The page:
PAGE ONE: INSIDE THE NEW YORK TIMES (2011) — RetroView by Jennifer Merin

All The News That’s Fit To Print? The New York Times continues to be the nation’s newspaper of record, although news gathering and publishing are undergoing rapid transformations, and the New York Times has had to cut its staff for economic reasons. The film looks at how the New York Times is handling the rise of new media, and considers what will become of the newspaper in the future.

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Documentary Review: WARTORN 1861-2010

Documentary Review: WARTORN 1861-2010

Soldiers returning from combat experience severe depression, sleep disorders and other symptoms collectively known as post-traumatic stress disorder. Wartorn presents the history of the effects of war on combat veterans from the time of the U.S. Civil War — when doctors called it hysteria, melancholia and insanity — the to the present. None of the soldiers who appear in the film lack fortitude. They simply cannot cope with what they’ve experienced in war. And, they tell you exactly what that is. And, their accounts are seconded by those of their immediate families, who are also deeply effected by the condition of their beloved husbands, sons, brothers and fathers. Read my review…

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Documentary Review: RESTREPO

Documentary Review:  RESTREPO

Filmmakers Tim Hetherington and Sebastian Junger follow a platoon of U.S. soldiers, the Second Platoon, Battle Company, 173rd Airborne Brigade, during their 15-month deployment to Afghanistan’s remote Korengal Valley. Without comment or personal intervention, the filmmakers show what it’s like to be at war. The soldiers are in constant danger, under extreme stress and always fearful. Filmmakers who follow soldiers into combat are also in danger. Tim Heatherington was subsequently killed while filming in the Middle East. Read my review….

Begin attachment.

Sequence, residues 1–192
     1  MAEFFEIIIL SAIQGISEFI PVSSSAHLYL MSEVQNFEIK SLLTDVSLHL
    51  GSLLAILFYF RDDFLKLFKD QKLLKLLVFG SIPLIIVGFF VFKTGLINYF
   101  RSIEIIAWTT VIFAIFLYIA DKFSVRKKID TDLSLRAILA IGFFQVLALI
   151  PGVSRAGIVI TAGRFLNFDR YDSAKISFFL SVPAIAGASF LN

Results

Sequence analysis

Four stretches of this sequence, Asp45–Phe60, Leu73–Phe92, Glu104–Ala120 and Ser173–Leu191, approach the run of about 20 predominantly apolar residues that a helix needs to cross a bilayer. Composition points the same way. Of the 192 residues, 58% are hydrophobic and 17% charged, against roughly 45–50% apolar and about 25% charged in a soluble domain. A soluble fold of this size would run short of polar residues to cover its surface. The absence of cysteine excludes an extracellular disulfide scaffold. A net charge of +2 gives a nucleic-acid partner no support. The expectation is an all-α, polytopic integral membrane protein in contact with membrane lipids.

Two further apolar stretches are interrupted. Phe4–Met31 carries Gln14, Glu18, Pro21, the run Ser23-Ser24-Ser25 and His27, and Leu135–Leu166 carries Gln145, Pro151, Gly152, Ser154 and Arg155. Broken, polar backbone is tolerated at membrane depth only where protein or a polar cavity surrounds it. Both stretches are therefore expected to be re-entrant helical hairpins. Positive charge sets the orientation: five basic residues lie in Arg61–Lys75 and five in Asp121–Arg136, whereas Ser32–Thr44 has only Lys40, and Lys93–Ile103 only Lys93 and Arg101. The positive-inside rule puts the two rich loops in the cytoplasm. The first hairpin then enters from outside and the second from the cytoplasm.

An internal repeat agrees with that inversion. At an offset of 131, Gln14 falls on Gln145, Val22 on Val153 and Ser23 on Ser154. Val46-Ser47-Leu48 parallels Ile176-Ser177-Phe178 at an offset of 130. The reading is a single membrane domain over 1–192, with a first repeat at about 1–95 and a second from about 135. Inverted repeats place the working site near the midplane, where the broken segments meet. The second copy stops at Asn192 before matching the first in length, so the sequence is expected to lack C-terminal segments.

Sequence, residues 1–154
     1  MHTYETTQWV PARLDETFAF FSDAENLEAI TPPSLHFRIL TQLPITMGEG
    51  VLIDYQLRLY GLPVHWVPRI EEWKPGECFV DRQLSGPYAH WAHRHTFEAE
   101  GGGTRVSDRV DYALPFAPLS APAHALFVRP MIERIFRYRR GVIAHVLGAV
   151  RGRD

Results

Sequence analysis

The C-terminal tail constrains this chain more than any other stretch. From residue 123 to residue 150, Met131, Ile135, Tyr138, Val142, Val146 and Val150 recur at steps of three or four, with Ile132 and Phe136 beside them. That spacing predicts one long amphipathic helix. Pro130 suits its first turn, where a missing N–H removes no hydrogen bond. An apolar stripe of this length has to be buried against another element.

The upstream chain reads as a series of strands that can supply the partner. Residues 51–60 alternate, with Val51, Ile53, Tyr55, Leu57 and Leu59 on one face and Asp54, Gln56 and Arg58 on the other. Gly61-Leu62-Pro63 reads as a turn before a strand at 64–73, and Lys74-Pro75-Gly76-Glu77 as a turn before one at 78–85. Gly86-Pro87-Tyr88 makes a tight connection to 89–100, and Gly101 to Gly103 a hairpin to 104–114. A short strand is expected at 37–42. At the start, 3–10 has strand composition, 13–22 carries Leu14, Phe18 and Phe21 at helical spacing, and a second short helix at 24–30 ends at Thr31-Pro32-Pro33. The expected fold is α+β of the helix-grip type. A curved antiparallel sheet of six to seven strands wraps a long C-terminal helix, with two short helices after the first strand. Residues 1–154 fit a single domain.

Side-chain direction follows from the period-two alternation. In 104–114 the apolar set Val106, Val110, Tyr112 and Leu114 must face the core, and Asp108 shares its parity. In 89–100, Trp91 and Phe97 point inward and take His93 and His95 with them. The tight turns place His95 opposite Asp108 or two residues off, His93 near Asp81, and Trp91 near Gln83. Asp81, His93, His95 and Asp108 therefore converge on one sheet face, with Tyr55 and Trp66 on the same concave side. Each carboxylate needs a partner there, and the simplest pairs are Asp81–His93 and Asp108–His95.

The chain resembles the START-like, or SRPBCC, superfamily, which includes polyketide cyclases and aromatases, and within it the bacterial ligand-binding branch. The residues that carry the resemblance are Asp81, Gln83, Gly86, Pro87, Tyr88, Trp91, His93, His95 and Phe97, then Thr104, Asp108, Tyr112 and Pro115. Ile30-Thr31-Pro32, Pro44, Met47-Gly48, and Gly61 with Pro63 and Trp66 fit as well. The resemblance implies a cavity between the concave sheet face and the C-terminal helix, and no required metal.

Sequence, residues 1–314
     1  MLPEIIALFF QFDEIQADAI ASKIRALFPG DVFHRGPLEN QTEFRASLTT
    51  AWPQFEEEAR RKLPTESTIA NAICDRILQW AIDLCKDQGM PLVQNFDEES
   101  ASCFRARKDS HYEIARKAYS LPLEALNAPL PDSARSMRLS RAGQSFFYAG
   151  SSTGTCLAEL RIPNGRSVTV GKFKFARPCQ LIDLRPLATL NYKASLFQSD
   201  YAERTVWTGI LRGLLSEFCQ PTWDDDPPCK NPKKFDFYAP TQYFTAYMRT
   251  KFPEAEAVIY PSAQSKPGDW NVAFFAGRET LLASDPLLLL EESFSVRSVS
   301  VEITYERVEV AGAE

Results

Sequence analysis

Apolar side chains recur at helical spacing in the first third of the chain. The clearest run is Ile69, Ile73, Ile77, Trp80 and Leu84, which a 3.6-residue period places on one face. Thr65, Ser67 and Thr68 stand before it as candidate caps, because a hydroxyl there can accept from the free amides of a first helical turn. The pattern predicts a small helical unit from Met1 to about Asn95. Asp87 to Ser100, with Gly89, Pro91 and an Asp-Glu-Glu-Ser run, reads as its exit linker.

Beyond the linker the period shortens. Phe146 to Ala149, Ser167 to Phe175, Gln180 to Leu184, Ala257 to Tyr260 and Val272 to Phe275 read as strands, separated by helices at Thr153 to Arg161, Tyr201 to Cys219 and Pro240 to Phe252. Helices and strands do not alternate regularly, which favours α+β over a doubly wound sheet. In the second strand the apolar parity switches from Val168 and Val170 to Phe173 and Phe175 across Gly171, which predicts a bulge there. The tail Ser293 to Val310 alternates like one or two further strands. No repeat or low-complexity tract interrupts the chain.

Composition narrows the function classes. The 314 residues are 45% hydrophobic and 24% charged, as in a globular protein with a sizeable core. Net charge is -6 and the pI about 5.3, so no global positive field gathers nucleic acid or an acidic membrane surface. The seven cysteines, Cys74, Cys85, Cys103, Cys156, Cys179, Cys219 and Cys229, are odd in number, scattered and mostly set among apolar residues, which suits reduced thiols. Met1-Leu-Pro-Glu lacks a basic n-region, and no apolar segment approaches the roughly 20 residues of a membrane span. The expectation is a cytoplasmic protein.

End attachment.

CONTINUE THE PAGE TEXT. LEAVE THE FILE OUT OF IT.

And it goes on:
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Documentary Review: THE TILLMAN STORY

Documentary Review: THE TILLMAN STORY

Director Amir Bar Lev incorporates archival footage and photos gleaned from the Tillman family, the NFL and news media sources with on-camera interviews with family members, friends and fellow soldiers who witnessed Tillman’s death, to present a comprehensive, compelling and truthful narrative covering Pat Tillman’s extraordinary life and lasting legacy. The documentary affords viewers the joyful experience of getting to an American hero. But be advised, The Tillman Story is not a light-hearted fan-pandering biopic. Read my review…

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Documentaries About the Holocaust and World War II

Documentaries About the Holocaust and World War II

As official records and personal stories about the Holocaust continue to come to light, documentaries serve as a vehicle for making them known to the public. There are documentaries that chronicle circumstances of horror and unfathomable human cruelty, of life in the ghettos and survival in the concentration camps. Others tell stories of Jewish resistance, of extraordinary courage and inspiration, of individuals who defied the Nazis and expresses their humanity through music and art. These documentaries are keeping knowledge of the holocaust alive, and will hopefully prevent a repeat of this devastating period in human history. Here, in alphabetical order, is a list of excellent documentaries that present important holocaust stories — stories that must be remembered.